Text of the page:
Here's something that's always amazed me...
(...And it's the perfect opportunity for you to get your foot in the door on every project out there.)
It's how insufficient a lot of substitution requests are. The ones coming through during a building project's bidding phase. Or during construction.
I'd understand if the specifications weren't very good. Or didn't provide explicit requirements on what we expected from manufacturers. But a lot of the projects I've worked on had very tight specs and were pretty darn clear.
If I'm the architect or engineer and you want me to consider your product after I've already taken the time and energy to research the products I decided to spec-- you need to convince me.
Simple as that.
Don't expect me to go the extra mile to dig up the research myself to determine if you make the cut.
But still, I see requests come through with a few lines of the request form filled in with barely legible handwriting.
No proof. No backup data or similar projects or references.
No compelling reasons to consider their product over the two or three I'm familiar with and chose to design around. Why should I take on the risk of accepting your product on my client's building?
With the mountain of work an architect has during the brief bidding period of a project, we actually prefer these inadequate requests. They make our job easy. No thought necessary.
Into the denied pile it goes.
The secret to getting accepted...
Most of us are too busy at work and saying "No" is a lot easier and tends to be our default answer.
It saves us a lot of work and headspace. If we can avoid proving to ourselves or our superiors acceptance of a product or idea would be beneficial.
Saying "Yes" usually means something is changing, leading to more work for me.
OK. Maybe it isn't a secret, but knowing it can save you a lot of disappointment. And it can help you change the way you frame your future substitution requests.
Choose to write defensively...
When I used to write a lot of RFP responses for architectural projects, I did a lot of research on the best writing techniques.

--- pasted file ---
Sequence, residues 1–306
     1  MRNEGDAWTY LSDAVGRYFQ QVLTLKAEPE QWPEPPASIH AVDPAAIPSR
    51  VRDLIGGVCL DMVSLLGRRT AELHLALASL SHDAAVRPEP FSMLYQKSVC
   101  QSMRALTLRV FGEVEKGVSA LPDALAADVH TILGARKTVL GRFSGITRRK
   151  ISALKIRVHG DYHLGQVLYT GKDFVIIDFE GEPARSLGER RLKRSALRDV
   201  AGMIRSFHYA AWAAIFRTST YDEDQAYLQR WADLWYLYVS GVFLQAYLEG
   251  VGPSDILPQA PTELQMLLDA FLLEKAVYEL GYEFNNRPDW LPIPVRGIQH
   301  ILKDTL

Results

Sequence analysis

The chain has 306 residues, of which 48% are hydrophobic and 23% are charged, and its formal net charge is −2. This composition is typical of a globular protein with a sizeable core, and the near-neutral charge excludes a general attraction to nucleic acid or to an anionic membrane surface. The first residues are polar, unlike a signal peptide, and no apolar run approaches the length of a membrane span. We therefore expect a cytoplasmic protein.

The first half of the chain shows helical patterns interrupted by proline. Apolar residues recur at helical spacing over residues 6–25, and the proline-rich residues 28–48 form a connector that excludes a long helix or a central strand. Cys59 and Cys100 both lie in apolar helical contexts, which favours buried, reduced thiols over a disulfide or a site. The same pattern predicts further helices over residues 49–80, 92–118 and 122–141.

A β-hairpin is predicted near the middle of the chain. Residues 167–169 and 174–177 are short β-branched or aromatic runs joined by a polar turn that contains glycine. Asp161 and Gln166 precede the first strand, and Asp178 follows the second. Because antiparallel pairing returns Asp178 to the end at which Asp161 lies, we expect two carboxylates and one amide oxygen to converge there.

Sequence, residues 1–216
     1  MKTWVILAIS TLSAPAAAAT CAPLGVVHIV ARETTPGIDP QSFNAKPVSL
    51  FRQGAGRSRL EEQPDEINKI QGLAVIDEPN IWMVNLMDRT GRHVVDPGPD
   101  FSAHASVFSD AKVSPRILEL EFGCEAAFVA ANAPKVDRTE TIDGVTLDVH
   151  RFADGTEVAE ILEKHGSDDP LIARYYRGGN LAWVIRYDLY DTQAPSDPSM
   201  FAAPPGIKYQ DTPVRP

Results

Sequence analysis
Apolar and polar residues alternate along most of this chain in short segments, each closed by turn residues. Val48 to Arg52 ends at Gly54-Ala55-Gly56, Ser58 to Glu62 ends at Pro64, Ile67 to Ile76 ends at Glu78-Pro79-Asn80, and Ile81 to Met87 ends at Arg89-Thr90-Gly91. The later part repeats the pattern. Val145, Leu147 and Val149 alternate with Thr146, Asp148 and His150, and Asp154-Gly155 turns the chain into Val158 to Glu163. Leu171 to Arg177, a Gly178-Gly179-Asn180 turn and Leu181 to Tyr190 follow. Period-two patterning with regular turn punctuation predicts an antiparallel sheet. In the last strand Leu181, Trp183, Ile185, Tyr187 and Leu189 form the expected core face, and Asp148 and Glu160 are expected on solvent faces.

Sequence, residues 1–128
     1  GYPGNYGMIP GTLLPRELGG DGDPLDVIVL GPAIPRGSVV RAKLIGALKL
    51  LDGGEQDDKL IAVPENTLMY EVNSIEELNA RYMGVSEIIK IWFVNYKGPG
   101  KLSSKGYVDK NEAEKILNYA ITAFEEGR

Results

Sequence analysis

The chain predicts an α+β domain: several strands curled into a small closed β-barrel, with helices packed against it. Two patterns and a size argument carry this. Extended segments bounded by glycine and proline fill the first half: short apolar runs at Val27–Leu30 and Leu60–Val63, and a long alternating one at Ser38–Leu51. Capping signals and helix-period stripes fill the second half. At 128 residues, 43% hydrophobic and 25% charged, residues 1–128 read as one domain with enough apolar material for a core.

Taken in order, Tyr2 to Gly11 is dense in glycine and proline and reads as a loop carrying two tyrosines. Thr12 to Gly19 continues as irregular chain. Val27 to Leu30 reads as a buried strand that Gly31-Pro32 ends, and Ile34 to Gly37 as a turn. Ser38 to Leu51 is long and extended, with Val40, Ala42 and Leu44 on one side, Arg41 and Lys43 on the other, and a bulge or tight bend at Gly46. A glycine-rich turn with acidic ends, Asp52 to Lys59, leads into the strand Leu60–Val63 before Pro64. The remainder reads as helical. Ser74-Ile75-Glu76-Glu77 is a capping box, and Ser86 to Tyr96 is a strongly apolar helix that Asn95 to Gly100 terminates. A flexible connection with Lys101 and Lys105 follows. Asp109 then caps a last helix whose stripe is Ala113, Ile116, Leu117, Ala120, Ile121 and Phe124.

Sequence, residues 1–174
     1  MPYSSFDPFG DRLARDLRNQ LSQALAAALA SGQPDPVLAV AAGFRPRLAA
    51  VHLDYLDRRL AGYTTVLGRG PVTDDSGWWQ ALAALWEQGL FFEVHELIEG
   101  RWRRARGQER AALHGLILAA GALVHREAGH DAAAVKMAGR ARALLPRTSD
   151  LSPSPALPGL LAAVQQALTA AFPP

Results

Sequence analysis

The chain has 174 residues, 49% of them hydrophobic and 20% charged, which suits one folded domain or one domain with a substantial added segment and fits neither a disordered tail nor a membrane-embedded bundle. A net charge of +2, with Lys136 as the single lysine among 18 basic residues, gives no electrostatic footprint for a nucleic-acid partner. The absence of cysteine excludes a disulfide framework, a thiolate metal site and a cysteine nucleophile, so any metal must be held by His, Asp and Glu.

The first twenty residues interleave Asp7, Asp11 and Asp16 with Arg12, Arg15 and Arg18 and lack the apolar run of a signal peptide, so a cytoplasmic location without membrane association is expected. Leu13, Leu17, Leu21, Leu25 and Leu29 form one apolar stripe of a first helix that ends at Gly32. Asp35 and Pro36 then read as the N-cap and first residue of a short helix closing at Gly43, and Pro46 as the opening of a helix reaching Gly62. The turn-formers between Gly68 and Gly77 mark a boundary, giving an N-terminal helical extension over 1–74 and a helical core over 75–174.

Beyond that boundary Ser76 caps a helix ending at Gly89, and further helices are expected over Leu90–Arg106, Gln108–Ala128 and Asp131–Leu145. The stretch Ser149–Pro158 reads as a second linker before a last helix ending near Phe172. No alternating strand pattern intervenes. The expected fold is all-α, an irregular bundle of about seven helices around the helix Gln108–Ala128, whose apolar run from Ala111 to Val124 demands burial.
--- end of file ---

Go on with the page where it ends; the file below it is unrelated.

I learned about "shredding the RFP."
I learned about principles like "personalizing" and "newspaper writing." Writing in the active voice, and avoiding confusing technical jargon.
But one of the most eye-opening tips I read (on the topic of writing RFP responses), was the idea of writing defensively.
Basically, it means you want to write your response in such a way that it answers ALL the questions posed in the RFP.
The reviewer wants to say "no," so you need to write in a way they have to work harder to find a reason to say it.
Putting yourself in the architect's shoes...
Let's apply this to your substitution request...
You need to make sure you've "checked all the boxes."
Imagine the architect has a checklist setting next to him. And he's going down the list ticking each box to make sure your product is equal or better than what he specified.
To take it a step further, visualize the architect has too much work.
So he takes his stack of substitution requests home with him. And has them sitting next to him as he's watching his son at baseball practice.
He picks your request form up and he half-heartedly goes down his checklist between watching his son at bat. He wants to get through your form quickly. Wants to say "No."
Don't make it easy for him. Make him prove it to himself.
Make him pay attention and maybe even save your form for when he's back in the office in the morning. Where he can add it to the approved pile.
Give me reasons to say "Yes"...
If you have a good product that's truly an equal, then it shouldn't take too much more work to do this.
If your product is newer to the market, but you have proven successes in another market. Make sure you're constantly collecting testimonials and records of those successes.
Provide a "preponderance of proof." Overwhelm me with reasons to say "yes."
Whatever you do, don't leave it to my whim. Be defensive. Make it hard for me to say no. Make me prove it.
Make it a great marketing day!